In the era of global businesses, your supply chain is a competitive advantage. The pace and landscape of supply chain management is changing rapidly, as logistics has moved beyond human scale. If you look at some of the largest companies in the world - Apple, Walmart, Amazon - supply chain technology is core to their business, and to their success. They have near-total visibility into all aspects of their chain, from manufacturing to final delivery.
Supply chain visibility is more than just knowing where your container is. It may sound daunting, but even midsize businesses can achieve visibility into their whole chain, by adopting some of the affordable new technology that’s coming to market. Let’s have a look at what “visibility” means today, by breaking it down into four key areas that will move your capabilities far beyond “track-and-trace” and enable you to turn your own supply chain into a key competitive advantage.
How much are you spending in transportation costs? If you work with multiple providers, can you determine at a glance the fully landed cost of goods on each trade lane, using each of those providers? Transportation complexity increases as your business grows, and trying to manage spreadsheets and emails and your memory can feel exhausting. To add to that, rates are typically fraught with surcharges and confusing terms that make a quick apples-to-apples comparison of quotes or options challenging. As your company size grows, multiple stakeholders in the chain, from traders to operations to accounting groups, need to make such comparisons as efficiently as possible to do their jobs.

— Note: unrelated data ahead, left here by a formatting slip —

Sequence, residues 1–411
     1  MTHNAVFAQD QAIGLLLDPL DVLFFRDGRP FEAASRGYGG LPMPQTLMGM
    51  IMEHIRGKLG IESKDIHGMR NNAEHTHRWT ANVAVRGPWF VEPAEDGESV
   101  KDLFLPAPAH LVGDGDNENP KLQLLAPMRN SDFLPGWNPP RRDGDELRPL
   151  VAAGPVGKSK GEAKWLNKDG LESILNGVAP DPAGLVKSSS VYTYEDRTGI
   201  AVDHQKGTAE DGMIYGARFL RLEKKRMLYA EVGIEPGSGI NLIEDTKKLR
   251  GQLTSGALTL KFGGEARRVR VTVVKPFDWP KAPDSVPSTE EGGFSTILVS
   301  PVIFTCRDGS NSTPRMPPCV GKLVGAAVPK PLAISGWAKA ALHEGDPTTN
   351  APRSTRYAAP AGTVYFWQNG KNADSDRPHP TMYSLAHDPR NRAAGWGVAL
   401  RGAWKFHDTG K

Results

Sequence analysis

Increasing visibility around rates by leveraging the best, most reliable data shifts the nature of the game. It enables you to move from wrangling guesstimates to having answers at your fingertips, which in turn makes it possible to manage partnerships more effectively. Applying technology to achieve rate transparency helps all stakeholders see a sharper version of the larger business picture.